Three weeks ago, Federico Alvarez was an obscure movie hobbyist who made the occasional film for a lark.
Today, the 31-year old is the US film industry's latest directing sensation, thanks to a five-minute Internet film he tossed off for the Hollywood equivalent of pocket change.
Alvarez came to the attention of major US film studios after the unexpected success of his short film "Panic Attack" which cost just 300 dollars to make, and which gained sudden and unexpected world-wide viewership via the Internet.
Now, in a most improbable Cinderella story, the Uruguayan filmmaker has been chosen to direct a 30-million dollar Hollywood movie - a feature-length, bells-and-whistles version of his viral Internet hit.
Alvarez has been courted by some of Hollywood's biggest studios and reportedly signed a million-dollar contract to do his first full-length film, for Ghost House pictures, the company owned by director Sam Raimi, director of two of the "Spider-Man" films, among other movies.
"They presented me with such an obscene contract, there was no way to turn it down," he told AFP.
"It was wonderful, out of this world," Alvarez said, apparently still pinching himself at his good fortune.
Alvarez added that he has been granted "total creative freedom to film the story that I want," he said, and stressed that Raimi shares his vision of hoping to "create a film that is not typical of what emerges from the Hollywood studio sausage factory."
"Panic Attack," less than five minutes in length, is an entertaining and imaginative rendering of the destruction of Alvarez's native Montevideo by angry, giant robots.
Three weeks ago he posted the short film - rich with inventive special effects and offbeat cinematography - on YouTube. Within 24 hours, it had been seen by more than half a million people.
The minute he posted his film, he said, the reaction was "look at what the skinny guy was able to do with 300 dollars," Alvarez said.
"I posted it online on a Thursday and by Friday I began receiving emails from Hollywood managers," he said, among them the industry's top studios like Dreamworks, Warner, Fox and Sony.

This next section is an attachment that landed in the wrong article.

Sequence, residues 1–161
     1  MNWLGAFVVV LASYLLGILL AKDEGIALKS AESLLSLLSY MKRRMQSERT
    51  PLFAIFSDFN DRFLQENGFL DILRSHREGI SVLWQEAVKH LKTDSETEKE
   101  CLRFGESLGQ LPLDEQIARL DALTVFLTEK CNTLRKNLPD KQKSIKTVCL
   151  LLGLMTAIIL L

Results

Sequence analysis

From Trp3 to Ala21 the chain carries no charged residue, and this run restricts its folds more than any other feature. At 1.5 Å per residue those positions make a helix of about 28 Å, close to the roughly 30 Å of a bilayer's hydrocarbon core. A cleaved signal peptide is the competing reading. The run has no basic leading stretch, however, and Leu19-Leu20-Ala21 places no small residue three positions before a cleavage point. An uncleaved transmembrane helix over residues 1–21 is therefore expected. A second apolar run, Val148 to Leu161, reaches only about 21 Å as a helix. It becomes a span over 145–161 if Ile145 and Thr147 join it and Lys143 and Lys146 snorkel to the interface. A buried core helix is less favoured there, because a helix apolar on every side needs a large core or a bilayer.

An all-expense-paid trip to Hollywood was followed by a dream contract for the young director.
"They sent me emails that said "now that we've seen what can be done with 300 dollars, let's see what you can do with 30 million," he said, laughing.
But the real punch line, Alvarez said, is that he made the film "100 percent for fun," and never with the temptation of Hollywood lucre in mind.
Alvarez, who has been making films since he was eight years old, said his creative vision in his short film was to represent "an alien invasion totally different from what has been seen so far."
He was due this week to be in Hollywood to begin work on writing, along with an associate, Rodolfo Sayagues, with whom he has collaborated in the past.
"We'll start filming in a year," he said. The film will be finished in two years.
He won't divulge much detail about the movie, although he promises "it's going to be different," and said he plans to film this time in Uruguay and in neighboring Argentina.
Even as he continues to shake his head over his good fortune, he recognizes that the sirens of the silver screen are fickle: today's directing wunderkind could be tomorrow's washed up has-been, he said.
"Whether I'll have today's success tomorrow, who knows?"
But he said he is very certain of his ability, and that what it can create is better than much of what appears on the big screen.
"A lot of Hollywood films that we see are really bad, mediocre, and nothing much really happens in them," he said. "The bar is set pretty low."
He added: I know that I'm going to create my film and that people are going to sit up and take notice."Reuse content